The father of the Trueman family of Hythe did not have an auspicious start in life. Henry William Truman was born in 1857 in the Elham Union Workhouse, the son of Jane Trueman, a single woman. His father was not named. What became of Jane is unknown, but little Henry was taken in by Thomas and Harriet Pilcher, who kept the Providence beerhouse in Hythe High Street. There must presumably have been a blood relationship, since the Pilchers already had a brood of children and were in no need of an extra mouth to feed. Thomas Pilcher died when Henry was twelve, during the dreadful winter of 1869-70. The town’s water pipes were frozen and he collapsed trying to carry water down from a spring at the top of the hill. Harriet carried on the business alone. Thomas took the Pilchers’ name and was raised as their son. When he left school, he worked as a groom and assumed his birth name.
On 14 November 1876, at St Leonard’s church, Hythe, he married Rosanna Burrows of Ashford. She was the fourth child of the eight of James Burrows, a coach smith and his wife Abigail. Their wedding ceremony seems to have been rather chaotic. The bride misrepresented her age, saying she was twenty-one, not nineteen. Her Christian and surnames were both misspelt as was Henry’s surname. Nearly fifty years later, they went back to the church to have the record set straight.
They set up home in Theatre Street, Hythe, a road of mostly small terraced cottages. Their first son, James Henry (Jim) was born on 17 April 1878 and William John in 1880. Frederick Charles followed in 1881, then Harry Sydney (Sid) in 1886. By 1891 Henry was prospering. The family lived in Bartholomew Street, and he had become a cab driver and groom, and also a ratepayer, which entitled him to a vote. They stayed there until at least 1901, by which time the three eldest boys had left home and young Sid, at fifteen was apprenticed to a carpenter. Once Sid had left home as well, Henry and Rosanna moved to 50 North Road, where they ran a general store and Rosanna’s father James moved in with them. He died in 1911 and is buried in St Leonard’s churchyard.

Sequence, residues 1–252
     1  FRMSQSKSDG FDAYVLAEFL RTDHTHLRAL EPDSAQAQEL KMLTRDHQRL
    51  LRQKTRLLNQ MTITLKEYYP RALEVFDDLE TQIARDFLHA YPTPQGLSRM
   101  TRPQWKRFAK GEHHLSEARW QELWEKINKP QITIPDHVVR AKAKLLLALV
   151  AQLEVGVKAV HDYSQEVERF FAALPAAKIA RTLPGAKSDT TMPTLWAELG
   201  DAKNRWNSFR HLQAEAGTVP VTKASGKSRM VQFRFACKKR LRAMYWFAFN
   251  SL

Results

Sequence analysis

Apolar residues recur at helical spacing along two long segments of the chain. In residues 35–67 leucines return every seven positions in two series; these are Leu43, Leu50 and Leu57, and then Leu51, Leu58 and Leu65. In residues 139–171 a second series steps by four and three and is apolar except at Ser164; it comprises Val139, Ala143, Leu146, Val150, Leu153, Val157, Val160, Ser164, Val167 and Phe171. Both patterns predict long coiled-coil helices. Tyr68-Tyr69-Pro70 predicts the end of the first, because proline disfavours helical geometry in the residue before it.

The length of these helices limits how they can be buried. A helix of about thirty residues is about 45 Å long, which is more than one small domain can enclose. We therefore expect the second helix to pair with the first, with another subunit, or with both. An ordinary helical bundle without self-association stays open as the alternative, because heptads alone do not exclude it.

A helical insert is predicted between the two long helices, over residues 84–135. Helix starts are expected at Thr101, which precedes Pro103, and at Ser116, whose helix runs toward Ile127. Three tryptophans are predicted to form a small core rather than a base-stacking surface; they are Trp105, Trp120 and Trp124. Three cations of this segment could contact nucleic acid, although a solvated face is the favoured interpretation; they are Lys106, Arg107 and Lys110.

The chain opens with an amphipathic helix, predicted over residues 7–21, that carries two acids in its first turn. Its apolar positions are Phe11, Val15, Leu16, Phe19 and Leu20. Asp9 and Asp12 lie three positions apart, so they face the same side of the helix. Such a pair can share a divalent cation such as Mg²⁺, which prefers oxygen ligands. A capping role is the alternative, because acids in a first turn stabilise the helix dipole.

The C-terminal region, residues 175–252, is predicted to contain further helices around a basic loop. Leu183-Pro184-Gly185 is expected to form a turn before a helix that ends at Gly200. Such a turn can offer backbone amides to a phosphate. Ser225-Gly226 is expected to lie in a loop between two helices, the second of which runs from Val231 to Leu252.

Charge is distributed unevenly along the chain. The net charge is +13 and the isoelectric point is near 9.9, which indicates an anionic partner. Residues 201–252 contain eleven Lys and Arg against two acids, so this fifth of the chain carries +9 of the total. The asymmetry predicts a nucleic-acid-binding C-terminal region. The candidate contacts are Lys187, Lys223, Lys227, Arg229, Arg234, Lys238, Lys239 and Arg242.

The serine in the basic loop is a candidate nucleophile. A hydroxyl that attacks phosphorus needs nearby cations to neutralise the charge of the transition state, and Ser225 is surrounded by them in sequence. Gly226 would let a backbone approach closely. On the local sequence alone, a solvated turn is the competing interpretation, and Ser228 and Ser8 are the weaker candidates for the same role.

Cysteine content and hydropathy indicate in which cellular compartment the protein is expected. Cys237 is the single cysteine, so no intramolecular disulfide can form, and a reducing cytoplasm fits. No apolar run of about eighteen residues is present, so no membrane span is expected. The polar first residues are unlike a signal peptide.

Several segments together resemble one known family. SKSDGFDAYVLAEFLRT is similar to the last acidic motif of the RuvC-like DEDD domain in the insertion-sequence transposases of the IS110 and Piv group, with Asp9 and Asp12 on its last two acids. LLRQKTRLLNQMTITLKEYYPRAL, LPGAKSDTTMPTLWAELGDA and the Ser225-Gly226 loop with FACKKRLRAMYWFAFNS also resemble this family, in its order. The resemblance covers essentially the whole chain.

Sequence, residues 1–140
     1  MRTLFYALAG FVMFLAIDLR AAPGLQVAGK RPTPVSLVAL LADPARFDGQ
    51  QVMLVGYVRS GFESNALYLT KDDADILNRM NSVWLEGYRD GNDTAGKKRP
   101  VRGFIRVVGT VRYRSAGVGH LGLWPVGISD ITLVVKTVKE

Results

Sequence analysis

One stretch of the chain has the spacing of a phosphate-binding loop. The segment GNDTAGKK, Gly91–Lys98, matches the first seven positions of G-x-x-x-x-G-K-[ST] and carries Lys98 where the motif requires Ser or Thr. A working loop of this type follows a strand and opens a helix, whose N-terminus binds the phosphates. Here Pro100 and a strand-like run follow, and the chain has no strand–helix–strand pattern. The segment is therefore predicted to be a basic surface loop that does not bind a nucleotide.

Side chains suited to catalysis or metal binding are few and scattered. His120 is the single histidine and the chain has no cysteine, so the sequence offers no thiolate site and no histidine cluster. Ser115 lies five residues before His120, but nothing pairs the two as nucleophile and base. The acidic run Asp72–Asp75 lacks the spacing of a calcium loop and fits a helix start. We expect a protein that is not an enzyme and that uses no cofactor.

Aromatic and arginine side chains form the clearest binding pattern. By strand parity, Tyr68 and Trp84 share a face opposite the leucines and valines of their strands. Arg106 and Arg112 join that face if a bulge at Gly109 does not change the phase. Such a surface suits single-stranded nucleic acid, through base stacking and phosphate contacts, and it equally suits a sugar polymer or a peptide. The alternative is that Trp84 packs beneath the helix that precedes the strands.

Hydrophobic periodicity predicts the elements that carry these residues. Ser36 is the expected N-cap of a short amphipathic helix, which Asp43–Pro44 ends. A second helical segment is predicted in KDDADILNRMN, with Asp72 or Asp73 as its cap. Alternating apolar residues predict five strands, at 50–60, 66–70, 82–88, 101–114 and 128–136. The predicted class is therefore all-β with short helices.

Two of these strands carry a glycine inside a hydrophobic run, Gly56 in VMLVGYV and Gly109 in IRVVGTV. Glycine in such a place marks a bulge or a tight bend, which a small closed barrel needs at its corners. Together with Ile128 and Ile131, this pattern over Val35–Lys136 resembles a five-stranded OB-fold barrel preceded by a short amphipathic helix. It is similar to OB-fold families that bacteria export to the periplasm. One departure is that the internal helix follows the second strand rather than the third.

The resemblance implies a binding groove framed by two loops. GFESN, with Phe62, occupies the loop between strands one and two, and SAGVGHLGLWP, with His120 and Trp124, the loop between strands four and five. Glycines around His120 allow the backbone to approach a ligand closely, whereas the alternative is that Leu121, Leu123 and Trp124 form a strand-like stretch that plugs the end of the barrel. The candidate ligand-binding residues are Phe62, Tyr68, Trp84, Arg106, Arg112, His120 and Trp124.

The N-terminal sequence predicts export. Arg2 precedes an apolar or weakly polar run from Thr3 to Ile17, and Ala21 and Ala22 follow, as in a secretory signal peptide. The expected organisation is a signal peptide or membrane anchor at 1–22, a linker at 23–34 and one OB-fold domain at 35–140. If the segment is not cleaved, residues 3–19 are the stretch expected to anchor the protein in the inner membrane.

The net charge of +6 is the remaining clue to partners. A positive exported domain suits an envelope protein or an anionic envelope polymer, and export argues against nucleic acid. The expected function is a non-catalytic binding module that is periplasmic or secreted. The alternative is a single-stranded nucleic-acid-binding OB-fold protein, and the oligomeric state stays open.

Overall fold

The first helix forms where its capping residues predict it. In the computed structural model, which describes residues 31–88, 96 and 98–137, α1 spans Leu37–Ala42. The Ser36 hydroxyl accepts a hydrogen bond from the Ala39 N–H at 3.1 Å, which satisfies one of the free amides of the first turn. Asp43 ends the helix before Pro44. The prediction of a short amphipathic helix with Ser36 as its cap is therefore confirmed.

Their eldest son, Jim, became a tram conductor. Horse-drawn trams had started running from Hythe to Folkestone in the 1890s and by 1894 ran all the way from Red Lion Square in Hythe, where the tram sheds and stables were built, to the Sandgate hill lift, which took visitors up to the Leas. Because of its seating arrangement, the tram was known locally as ‘the toast rack’.
The ‘toast rack’ on its way back from Folkestone to Hythe. The conductor is standing at the back.
The tram sheds at Hythe, now converted into offices.
In 1899, Jim married a local girl, Cecilia Powell, the daughter of a marine storekeeper. They settled in Frampton Road, not too far from the tram sheds and two children were born: Georgina in 1900 and James Percy in 1902. Then, perhaps not seeing any great future in his line of work, Jim and Cecilia and their children emigrated to Canada in 1913. During the early-twentieth century, emigration from Britain reached unprecedented levels, with approximately 3.15 million people leaving between 1903 and 1913. The most popular destination during these years was Canada, drawing almost half of Britain’s emigrants.
They sailed on board the Sicilian from London on 27 March 1913 and James, entirely untruthfully, told the immigration authorities that his occupation was ‘farming.’ The family went to Elgin County in Ontario, but within months Cecilia had developed Bright’s disease (which could be any sort of kidney failure) and she died in hospital on 7 April 1915.
Jim and the children moved on to Fronterac, also in Ontario and Jim took up house painting instead of farming. By now, war had broken out in Europe, and Jim immediately joined the Princess of Wales Own Rifles, a reserve infantry regiment, but did not volunteer then for overseas service. When he did, on 1 November 1916, he joined the Canadian Army Medical Corps, and was attached to a Field Ambulance Unit. He had brown eyes, dark brown hair and was 5 feet 5 inches tall. Two weeks before this, he had married again, to Violet Bertha Reid. When he joined up, he made his will, leaving everything to her.